What is Served for Breakfast? An empirical analysis of corporate real estate strategies and organizational culture
||Nase, Ilir; Monique Arkesteijn
||What is Served for Breakfast? An empirical analysis of corporate real estate strategies and organizational culture
||24th Annual European Real Estate Society Conference in Delft, Netherlands
||The quote Culture eats strategy for breakfast was made famous by Mark Field, president at Ford, in 2006 and has ever since been a guiding principle in management practice of corporations operating across the globe. General management profession has widely embraced culture as a key factor in strategy design. However, in corporate real estate (CRE) management it appears to be implicit within organizational differences at best or lacking proper consideration at worst. Analyzing the interrelationships between corporate real estate strategies and organizational culture is essential for delivering value to multinationals. This research empirically investigates the link between CRE strategies and organizational culture through quantitative analysis of data from a worldwide survey with 231 corporate real estate managers. The empirical analysis is based on two well-established frameworks in each of the constituent fields. The CRE strategies framework originates from the work of Nourse and Roulac (1993), further developed by Gibler and Lindholm (2012). It is particularly selected because it has been empirically tested with a similar pool of CRE managers. For the assignment of organizational culture we use the Competing Values Framework developed by Cameron and Quinn (1999, 2006). The choice of this framework is based on its extensive use across a wide variety of industry sectors.The findings indicate strong patterns of association between preferred strategies and cultural groupings based on the attributes of each culture. First, organizational culture effectiveness criteria emphasizing flexibility and discretion as opposed to those that focus on stability and control provide a clear dividing line in strategy preference of survey respondents. Strategies that have employees as their core target are prioritized by the ‘Clan’ and ‘Adhocracy’ cultures while Reducing real estate costs was the main concern among respondents identifying with ‘Market’ and ‘Hierarchy’ cultures. Second, compared to the previous ‘CRE Strategy’ survey of 2010 (Gibler and Lindholm 2012) there were very little changes in the importance that managers responding in 2016 place to CRE strategies in supporting core business. Third, expected outcomes were observed in the association of certain cultural profiles with particular industry sectors. Finally, factor analysis indicates two clearly distinguishable groupings based on the scope of each strategy namely real estate and non-real estate related.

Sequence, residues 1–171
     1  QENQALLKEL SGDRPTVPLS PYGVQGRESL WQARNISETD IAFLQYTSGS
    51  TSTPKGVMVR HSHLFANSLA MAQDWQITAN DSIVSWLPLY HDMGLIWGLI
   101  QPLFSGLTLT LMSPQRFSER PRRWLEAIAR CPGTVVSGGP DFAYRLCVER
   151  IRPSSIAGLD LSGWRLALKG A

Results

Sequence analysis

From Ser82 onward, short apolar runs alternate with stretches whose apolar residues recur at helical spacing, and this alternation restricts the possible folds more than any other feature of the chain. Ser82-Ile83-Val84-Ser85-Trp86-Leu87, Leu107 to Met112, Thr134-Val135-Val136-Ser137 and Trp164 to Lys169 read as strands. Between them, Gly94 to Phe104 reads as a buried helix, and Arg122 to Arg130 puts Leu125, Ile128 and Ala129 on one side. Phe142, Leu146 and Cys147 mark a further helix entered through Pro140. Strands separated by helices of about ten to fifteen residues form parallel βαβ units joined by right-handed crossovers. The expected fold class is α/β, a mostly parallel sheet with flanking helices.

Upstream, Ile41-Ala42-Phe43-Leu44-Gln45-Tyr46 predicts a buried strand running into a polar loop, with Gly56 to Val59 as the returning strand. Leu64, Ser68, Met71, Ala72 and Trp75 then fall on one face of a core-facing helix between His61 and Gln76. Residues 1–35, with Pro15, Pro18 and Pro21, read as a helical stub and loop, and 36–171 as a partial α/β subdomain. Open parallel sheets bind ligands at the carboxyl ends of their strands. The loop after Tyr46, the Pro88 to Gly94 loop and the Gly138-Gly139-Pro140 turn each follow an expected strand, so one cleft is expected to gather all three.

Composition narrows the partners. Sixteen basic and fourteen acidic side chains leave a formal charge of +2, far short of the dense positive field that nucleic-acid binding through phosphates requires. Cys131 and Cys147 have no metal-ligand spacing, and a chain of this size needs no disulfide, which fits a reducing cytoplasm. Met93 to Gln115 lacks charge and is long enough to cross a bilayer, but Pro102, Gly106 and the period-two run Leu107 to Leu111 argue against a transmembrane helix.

||strategic corporate real estate management;; corporate real estate strategies;; organizational culture
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||Corporate Real Estate Management
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